England’s wine industry is booming, thanks to climate change.
Climate change is for real.
Climate expert, University of East Anglia
Mark Driver, who owns Rathfinny Wine Estate, used to manage a multi-billion-pound hedge fund. He left the City of London in 2009 to invest his money in wine.
He has spent ten million pounds so far building up a complete new wine estate in the southeast of England.
“Two-thousand years ago the Romans were here, just two kilometres from here they had a large roman villa which would have had vines,” Driver told Euronews. “Then, in the middle-ages the cold period came and we became beer-drinkers. Vines started to be planted again in England in the 1950s, ’60s and ’70s. Really with the benefit of climate change we are now seeing a lot more vineyards being planted in England.”
Champagne vs English sparkling wine
Driver’s chances are of success are high: Rathfinny lies on the same band of chalk as France’s Champagne region.
And as Andrew Jefford pointed out in this Decanter article: “There are extensive untapped acreages waiting for planting; propitious UK farmland changes hands at much lower prices than do classified Champagne vineyards.”
“Thirty years from now I think England will be one of the world’s leading wine makers selling 50m bottles worldwide,” Hambledon’s managing director Ian Kellett told FT in this piece, “but it needs billions, not tens of millions, of pounds of investment,” he added.
Mark Driver bought his machines in France. After quitting his previous job to follow his vineyard dream, he spent two years studying wine-making.
He hopes to break even in 2019.
“We have got weather records which go back over 100 years: and when you look at the weather records you can see that over the last 25 or 30 years we’ve seen a gradual increase of average annual temperatures,” Driver explained to Euronews. “You have a much greater ability to ripen your grapes to the right levels, to get the right level of sugar, the right acidity, the right balance of grapes to make really spectacular sparkling wine.”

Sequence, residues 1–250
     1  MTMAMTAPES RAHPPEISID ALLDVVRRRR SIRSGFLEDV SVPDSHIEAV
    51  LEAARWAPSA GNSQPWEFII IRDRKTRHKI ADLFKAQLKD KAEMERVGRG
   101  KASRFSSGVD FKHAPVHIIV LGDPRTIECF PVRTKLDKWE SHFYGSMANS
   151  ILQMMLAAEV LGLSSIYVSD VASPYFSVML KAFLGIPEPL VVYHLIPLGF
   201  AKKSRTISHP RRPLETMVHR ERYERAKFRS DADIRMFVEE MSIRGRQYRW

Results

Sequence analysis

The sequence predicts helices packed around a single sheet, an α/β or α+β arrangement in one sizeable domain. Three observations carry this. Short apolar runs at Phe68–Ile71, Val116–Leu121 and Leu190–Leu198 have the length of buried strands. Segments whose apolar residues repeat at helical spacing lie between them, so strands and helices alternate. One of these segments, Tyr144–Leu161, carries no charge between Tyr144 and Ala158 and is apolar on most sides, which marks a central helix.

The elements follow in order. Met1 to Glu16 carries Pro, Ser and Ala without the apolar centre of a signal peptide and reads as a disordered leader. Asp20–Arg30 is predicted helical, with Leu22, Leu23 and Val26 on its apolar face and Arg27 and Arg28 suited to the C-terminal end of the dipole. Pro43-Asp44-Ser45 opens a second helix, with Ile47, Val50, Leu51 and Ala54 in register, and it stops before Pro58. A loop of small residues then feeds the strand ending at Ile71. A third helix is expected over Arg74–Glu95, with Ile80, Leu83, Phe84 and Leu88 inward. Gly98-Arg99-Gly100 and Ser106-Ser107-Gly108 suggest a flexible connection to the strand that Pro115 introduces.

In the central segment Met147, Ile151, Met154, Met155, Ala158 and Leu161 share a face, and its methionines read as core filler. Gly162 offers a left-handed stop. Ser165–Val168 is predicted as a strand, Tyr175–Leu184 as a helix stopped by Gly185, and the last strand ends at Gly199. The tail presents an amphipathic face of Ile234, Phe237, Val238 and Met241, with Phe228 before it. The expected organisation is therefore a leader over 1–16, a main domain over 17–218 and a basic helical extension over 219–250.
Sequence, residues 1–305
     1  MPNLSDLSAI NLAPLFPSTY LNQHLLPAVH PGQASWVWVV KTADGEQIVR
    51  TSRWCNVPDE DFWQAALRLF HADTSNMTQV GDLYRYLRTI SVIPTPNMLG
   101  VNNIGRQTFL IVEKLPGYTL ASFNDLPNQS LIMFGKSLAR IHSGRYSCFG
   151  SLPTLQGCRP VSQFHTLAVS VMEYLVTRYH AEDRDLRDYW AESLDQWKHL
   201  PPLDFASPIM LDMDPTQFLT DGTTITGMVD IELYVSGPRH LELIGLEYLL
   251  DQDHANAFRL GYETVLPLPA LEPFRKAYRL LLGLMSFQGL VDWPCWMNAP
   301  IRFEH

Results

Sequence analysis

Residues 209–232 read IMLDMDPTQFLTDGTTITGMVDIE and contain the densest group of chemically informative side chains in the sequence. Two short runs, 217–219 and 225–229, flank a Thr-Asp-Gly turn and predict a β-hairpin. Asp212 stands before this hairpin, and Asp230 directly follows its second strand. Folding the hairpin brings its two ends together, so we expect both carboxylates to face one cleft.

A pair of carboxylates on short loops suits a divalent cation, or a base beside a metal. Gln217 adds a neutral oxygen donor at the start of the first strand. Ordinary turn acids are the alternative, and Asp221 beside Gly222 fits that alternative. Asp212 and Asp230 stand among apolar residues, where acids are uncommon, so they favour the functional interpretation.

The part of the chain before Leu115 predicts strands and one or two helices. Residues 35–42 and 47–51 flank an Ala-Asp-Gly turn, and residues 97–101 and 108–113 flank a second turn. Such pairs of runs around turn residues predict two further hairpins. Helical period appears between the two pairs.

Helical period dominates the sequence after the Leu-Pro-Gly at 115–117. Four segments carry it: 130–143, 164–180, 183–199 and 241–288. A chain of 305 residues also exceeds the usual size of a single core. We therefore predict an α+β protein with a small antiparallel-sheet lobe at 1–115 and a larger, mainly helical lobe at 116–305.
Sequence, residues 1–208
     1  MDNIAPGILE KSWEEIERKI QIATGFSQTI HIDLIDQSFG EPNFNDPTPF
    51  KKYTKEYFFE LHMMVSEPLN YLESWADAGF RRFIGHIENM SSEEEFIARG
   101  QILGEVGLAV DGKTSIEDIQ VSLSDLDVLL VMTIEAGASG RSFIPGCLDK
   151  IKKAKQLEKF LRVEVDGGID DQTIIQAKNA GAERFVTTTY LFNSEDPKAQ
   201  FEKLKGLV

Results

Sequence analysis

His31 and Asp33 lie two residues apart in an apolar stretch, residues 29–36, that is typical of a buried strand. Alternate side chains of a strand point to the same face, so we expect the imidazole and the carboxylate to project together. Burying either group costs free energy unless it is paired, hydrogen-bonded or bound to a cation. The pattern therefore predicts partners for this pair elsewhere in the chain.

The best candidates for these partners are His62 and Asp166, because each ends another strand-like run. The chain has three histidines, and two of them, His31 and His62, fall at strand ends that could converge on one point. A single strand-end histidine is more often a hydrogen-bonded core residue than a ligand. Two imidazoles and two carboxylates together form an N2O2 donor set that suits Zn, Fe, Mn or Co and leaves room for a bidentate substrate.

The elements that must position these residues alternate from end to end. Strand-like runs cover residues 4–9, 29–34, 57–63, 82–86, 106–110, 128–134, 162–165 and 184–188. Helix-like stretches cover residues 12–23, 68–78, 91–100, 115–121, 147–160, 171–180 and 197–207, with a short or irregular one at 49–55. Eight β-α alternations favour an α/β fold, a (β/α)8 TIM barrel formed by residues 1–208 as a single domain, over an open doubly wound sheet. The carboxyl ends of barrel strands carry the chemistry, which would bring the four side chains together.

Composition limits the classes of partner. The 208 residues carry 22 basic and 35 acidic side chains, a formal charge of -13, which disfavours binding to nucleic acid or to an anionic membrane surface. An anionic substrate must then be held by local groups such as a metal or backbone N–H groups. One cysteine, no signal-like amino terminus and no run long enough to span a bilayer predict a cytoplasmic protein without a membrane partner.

The Insiders team travelled northeastwards, to the village of Earsham where we met Hannah and Ben Witchell, who spent two years in France’s Beaujoulais region learning about wine making.
Before that, they traversed the world of vineyards, picking grapes in California and Greece, and around the world from Argentina and Chile, to South Africa, New Zealand, and Australia…
Euronews asked Ben how to choose the best location for a vineyard.
“You have to have quite a low altitude site, ideally close to the coast, to improve the frost risk,” Witchell told Euronews. “Although the ripeness and the sugar levels are not quite as high as in some of the hotter climates we can have a lot more of the flavour profile in the grape developing, so the phenolics and the acidity and all the different aroma compounds can develop and make a product that is really aromatic and quite tasty.”
Ben and Hannah gave up their careers in IT and the travel industry.
They used their savings and a grant from the European Union to buy more than 12,000 vines in Germany. Planting them and bringing in new machinery added up to 300,000 pounds.
Alistair Nesbitt, a climate expert from the University of East Anglia, researches how climate change impacts wine growing in Britain.
“What we have seen over the last 10 to 15 years is an increase in vineyards, in particular in the south-east of England,” Nesbitt told Euronews, “…and what is likely to happen in the next ten years or so is a spread of viticulture into different areas into traditional arable areas such as parts of East Anglia up here.”
“Climate change [is] for real,” Nesbitt told Euronews, “We are seeing the difference in vineyards now, we can see from the data going back over 60 years: temperature increasing… generally a range which during the vine growing season has been going up over one degree. That might not sound like much but it is very significant when we are talking about the ability to grow vines… or not grow vines.”
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